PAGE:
I just don't think it's right to consider it an 'outlook replacement' especially in an exchange realm just yet. Outlook isn't just an email and calendar app.

Re:It still doesn't replace outlook... (3, Informative)

thebdj (768618) | about 8 years ago | (#15563173)

Well, it does seem like you can access public folders. I shall point you here [novell.com] . Though, I would have to test it first. I cannot guarantee mail box access permission support.

I would like to point out that they actually use iCalendar. This is almost the de facto standard, well for everyone but M$ who seem to think keeping their stuff locked out of standards is a good thing (well it is for their bottomline at least). I never expect this to be a full out Outlook replacement. I am sure the second it becomes one, M$ will change Exchange Server to break it again, but for home users who use outlook this is about the only PIM replacement there is for Palm devices, short of using that ghastly Palm desktop tool.

Further impressions after download (1)

millisa (151093) | about 8 years ago | (#15563358)

Ok, so I've downloaded it. I'm in the middle of the setup and it seems to be real easy. My mom could handle this, assuming she knew her username and such.

When I select 'Microsfot Exchange' as the server type, it asks for my username and the OWA URL (mom is now somewhat confused, but with a little nudge that OWA means webmail, she's able to keep going) . . . It doesn't talk directly to the exchange server but uses the web access interface? It defaults to http:/// [http] . . . a windows admin that doesn't at least put a self signed cert on your corporate mail is a particularly bad windows admin (I know, most slashdotters have low opinions already). When I attempted to use my OWA server over https (which is verified up and working) I immediately get a 'Could not connect to server'. Joe User has now decided that this really isn't an outlook replacement and has now uninstalled the app... There is no help button, F1 does nothing and when I look on evolutions site to actually find the 2.6 manual, it's a 404.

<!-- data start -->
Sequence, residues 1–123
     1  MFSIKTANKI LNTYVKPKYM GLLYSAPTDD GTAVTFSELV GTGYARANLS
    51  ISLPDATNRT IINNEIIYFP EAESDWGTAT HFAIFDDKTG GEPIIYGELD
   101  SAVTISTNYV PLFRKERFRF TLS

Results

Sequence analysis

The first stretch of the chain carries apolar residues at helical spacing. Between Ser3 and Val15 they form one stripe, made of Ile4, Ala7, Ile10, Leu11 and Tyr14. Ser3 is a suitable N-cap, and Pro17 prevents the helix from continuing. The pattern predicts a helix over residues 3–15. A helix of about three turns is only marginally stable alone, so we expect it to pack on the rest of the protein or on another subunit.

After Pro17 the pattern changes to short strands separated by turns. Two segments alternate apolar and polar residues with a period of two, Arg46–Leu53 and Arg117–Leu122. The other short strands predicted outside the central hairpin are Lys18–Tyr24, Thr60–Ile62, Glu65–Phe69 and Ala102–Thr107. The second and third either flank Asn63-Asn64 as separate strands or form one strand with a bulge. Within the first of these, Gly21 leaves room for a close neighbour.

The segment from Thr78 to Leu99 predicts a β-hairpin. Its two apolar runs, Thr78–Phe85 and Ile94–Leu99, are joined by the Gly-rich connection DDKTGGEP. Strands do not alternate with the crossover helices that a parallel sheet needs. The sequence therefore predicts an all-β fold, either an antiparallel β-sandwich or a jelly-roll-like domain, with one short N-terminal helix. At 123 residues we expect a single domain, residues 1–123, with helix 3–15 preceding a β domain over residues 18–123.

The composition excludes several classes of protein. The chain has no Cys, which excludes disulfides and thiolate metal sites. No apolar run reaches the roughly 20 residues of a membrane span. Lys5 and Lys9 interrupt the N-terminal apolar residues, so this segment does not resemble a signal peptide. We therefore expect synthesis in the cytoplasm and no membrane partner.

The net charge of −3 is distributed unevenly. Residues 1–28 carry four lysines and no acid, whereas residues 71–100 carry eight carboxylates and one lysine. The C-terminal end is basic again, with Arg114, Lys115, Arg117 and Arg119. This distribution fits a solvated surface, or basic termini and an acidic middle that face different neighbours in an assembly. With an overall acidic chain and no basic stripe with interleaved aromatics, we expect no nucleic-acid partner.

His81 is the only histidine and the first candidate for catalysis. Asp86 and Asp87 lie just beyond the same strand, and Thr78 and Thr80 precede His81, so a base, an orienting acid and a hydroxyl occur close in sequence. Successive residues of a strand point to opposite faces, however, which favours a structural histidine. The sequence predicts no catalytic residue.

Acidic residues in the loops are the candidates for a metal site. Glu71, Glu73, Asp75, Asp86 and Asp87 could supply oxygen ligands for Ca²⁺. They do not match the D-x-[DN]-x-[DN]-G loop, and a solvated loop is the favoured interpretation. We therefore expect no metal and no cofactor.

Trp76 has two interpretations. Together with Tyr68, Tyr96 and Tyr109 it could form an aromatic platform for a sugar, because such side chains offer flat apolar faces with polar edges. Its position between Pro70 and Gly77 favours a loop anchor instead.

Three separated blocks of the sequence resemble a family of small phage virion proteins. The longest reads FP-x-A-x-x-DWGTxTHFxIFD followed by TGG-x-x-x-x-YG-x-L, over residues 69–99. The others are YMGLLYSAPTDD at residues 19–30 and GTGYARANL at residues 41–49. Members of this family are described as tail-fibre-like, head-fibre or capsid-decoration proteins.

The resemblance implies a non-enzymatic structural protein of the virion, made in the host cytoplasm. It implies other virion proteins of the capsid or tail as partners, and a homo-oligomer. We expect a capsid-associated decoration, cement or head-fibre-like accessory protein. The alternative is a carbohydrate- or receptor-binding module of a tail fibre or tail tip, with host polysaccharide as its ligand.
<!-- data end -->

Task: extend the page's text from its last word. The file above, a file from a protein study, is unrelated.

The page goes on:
Since I'm not a Joe User, I'm going to keep poking around to see why it immediately says 'no' when connecting (the connection message comes up immediately while my owa site usually takes a solid 2 seconds to load... makes me think its not even trying). I'm disappointed at the moment.

Re:Further impressions after download (4, Insightful)

zerblat (785) | about 8 years ago | (#15563606)

Joe User has now decided that this really isn't an outlook replacement
Someone needs to tell Joe User not to expect an unofficial build of software that isn't even alpha to be able to replace anything. Joe User should wait until Novell actually releases a finished version.

Which I believe was the original point (3, Insightful)

millisa (151093) | about 8 years ago | (#15563726)

Exactly, claiming this is an 'outlook replacement' is just not true, yet. Could this replace outlook express using pop/imap? I have very little doubt about it. Could it replace outlook for the savvy OSS user? If they don't need some features, probably.

I must not be that savvy today, after 10 minutes of searching, I still don't have an answer as to why I am unable to connect to a 2003 exchange server. I've found a few references to people having issues with the connector missing, but this doesn't appear to be the case here since I do get the drop down option. I've been watching evolution since ximian did their connector (and back then I decided I wasn't interested in paying for it) and hadn't checked it out since novell took it GPL. Today was my first re-peak at Evolution since pre 2.x.

I'm content to wait and keep watching. Most my users are firefox advocates now, the OE users are on Thunderbird, GAIM is a godsend . . . I'll happily agree with the articles re-claim that its an outlook replacement when it really is true.

Re:Which I believe was the original point (4, Insightful)

zerblat (785) | about 8 years ago | (#15564464)

Could this replace outlook express using pop/imap? I have very little doubt about it.